She says gratitude is a fast-track to positive thinking. It can even include small things, like “this coffee tastes so good or the sun is so beautiful,” Watson says. Of course, she cautions those with depression would need support that goes beyond positive thinking.

Kendra Cherry in verywellmind.com says the pursuit of positive thinking is a balance.

“Researchers have found that in some instances, optimism might not serve you well. For example, people who are excessively optimistic might overestimate their own abilities and take on more than they can handle, ultimately leading to more stress and anxiety,” she writes. "Bad things will happen. Sometimes you’ll be disappointed or hurt by the actions of others. This doesn’t mean that the world is out to get you or that all people will let you down. Instead, positive thinkers will look at the situation realistically, search for ways that they can improve the situation, and try to learn from their experiences”

Back to the why? Bring on the benefits of positive thinking

Mayo Clinic experts say one theory behind the many benefits of positive thinking (better health, greater resistance to illnesses and improved psychological and physical wellbeing, to name a few,) is that it enables us to better cope with stressful situations.

It's also thought that positive and optimistic people tend to live healthier lifestyles — they get more physical activity, follow a healthier diet, and don't smoke or drink alcohol in excess.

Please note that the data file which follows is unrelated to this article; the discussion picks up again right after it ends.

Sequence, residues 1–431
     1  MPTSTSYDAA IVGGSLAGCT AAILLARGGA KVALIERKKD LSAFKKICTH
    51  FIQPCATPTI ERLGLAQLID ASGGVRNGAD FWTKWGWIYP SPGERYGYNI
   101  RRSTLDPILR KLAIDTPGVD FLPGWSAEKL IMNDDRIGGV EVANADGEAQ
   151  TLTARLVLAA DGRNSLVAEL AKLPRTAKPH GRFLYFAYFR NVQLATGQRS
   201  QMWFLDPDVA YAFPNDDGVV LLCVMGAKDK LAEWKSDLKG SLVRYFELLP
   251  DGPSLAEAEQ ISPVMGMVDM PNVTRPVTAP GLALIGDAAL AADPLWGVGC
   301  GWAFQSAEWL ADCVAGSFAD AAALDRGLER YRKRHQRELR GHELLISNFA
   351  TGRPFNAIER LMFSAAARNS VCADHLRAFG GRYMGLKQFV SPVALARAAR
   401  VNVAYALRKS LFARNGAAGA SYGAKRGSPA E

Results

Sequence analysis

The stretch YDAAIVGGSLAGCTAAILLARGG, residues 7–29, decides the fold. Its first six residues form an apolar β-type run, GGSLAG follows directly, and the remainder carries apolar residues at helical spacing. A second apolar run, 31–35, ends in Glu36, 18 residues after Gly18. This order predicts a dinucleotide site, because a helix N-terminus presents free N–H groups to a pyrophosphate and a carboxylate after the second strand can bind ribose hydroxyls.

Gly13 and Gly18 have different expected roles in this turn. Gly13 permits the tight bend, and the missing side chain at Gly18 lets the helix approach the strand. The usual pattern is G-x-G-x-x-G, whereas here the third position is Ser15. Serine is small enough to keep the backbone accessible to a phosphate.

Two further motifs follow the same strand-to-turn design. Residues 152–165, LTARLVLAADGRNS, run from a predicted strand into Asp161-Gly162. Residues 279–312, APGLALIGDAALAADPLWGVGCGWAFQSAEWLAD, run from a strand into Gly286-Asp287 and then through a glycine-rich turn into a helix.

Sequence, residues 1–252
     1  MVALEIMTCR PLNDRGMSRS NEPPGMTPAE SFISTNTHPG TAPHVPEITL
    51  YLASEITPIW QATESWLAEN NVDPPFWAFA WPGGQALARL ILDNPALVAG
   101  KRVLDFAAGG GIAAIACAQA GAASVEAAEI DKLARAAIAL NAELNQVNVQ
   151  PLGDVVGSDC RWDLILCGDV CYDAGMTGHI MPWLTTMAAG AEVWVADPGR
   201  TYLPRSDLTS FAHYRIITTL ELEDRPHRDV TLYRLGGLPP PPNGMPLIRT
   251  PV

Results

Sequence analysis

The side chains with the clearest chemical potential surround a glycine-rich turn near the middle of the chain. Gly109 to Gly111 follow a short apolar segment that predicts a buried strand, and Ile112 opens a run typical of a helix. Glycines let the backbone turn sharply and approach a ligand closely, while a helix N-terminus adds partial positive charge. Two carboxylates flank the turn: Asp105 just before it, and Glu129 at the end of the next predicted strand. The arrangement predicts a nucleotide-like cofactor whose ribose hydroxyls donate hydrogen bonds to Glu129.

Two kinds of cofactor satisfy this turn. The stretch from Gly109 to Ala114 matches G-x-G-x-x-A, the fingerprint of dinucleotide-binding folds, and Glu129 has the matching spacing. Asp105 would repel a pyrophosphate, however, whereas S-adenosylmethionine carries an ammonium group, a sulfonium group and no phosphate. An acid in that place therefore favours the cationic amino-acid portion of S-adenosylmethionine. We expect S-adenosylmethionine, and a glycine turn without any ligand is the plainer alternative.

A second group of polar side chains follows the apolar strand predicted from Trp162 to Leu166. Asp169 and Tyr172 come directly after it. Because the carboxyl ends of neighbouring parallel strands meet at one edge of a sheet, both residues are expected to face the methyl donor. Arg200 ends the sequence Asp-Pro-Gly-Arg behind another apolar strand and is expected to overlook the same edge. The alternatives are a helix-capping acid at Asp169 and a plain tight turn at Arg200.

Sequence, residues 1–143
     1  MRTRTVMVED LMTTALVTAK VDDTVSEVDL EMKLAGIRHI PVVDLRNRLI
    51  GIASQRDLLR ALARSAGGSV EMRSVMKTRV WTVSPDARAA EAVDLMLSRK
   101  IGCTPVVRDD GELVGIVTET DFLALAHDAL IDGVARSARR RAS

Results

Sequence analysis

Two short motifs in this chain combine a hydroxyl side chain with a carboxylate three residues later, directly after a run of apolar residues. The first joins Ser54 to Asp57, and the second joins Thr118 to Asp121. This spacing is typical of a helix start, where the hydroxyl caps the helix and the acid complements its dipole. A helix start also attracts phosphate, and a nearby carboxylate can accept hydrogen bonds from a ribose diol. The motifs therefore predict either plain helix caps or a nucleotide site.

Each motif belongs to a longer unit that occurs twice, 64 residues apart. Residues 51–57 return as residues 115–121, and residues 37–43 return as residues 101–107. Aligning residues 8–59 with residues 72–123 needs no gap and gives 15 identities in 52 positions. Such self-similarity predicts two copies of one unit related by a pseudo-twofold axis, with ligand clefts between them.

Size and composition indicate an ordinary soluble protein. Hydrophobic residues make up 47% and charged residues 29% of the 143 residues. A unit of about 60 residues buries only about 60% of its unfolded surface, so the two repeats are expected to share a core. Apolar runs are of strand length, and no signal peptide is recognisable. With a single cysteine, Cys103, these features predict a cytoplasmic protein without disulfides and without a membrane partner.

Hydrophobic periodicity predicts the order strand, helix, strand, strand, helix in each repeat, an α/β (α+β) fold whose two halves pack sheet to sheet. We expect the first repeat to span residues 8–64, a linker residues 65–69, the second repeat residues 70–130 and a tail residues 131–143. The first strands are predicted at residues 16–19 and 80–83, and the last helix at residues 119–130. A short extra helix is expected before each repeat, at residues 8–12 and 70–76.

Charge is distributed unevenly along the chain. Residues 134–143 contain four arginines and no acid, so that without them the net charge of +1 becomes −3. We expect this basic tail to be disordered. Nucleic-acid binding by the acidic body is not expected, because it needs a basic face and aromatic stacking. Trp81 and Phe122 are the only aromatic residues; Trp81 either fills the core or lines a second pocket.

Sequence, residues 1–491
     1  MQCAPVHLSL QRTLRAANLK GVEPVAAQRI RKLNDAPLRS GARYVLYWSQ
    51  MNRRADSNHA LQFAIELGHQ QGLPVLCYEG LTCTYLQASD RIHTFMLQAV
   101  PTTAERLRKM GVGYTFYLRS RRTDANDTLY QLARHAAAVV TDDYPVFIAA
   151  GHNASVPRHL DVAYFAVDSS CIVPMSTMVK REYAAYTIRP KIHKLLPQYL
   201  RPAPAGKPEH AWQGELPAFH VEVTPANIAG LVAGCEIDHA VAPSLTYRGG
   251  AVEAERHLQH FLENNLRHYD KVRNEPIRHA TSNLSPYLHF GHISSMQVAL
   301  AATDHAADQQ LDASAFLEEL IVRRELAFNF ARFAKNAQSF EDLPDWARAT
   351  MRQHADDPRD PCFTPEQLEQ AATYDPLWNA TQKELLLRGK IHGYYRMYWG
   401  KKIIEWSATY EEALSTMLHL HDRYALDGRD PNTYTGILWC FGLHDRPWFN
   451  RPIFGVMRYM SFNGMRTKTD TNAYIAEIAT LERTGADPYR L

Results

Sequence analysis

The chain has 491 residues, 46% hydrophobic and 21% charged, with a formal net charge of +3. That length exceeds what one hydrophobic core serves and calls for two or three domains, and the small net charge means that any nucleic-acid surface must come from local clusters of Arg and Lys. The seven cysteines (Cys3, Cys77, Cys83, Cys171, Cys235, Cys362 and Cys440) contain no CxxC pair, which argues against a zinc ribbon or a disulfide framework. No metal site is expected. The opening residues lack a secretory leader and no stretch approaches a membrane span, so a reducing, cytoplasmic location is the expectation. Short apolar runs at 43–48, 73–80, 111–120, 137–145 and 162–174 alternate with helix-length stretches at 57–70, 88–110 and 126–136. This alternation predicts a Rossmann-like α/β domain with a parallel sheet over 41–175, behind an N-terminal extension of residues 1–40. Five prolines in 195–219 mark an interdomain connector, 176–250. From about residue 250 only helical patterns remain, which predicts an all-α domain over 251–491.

Positive Thinking Techniques

To help improve positive thinking, stop doing things like this:

  • Filtering - magnifying negative aspects of a situation and filtering out the positive ones
  • Personalizing - automatically blaming yourself. It may have nothing to do with you
  • Catastrophizing - assuming the worst without facts that the worse will happen
  • ‘Shoulding’ yourself - blaming yourself for not doing things you think you should do
  • Magnifying - also known as making a mountain out of a molehill
  • Perfectionism - trying to be perfect sets you up for failure
  • Polarizing - seeing things only as either good or bad. There’s no middle ground

Try these instead:

  • Turn small negatives into positives - Take areas of your life you usually think negatively about, whether it's work, your daily commute or a relationship and try to change them for the better. You can start small by focusing on one area to approach in a more positive way. Think of a positive thought to manage your stress instead of a negative one
  • Stop and evaluate what you're thinking from time to time - If your thoughts are mainly negative, try to find a way to put a positive spin on them
  • Seek humor in everyday happenings - Laughter can lower stress
  • Follow a healthy lifestyle - Exercise can positively affect mood and reduce stress. Follow a healthy diet, get enough sleep and learn techniques to manage stress
  • Surround yourself with positive people – That are supportive and you can depend on to give helpful advice and feedback
  • Practice positive self-talk - Start by following one simple rule: Don't say anything to yourself you wouldn't say to anyone else. Be gentle and encouraging with yourself

Source - Mayo Clinic

To read more about the power and benefits of positive thinking, here are some recommended books from Watson:

The Power of Positive Thinking by Norman Vincent Peale
The Happiness Equation by Neil Pasricha
The Power of Vulnerability by Brene Brown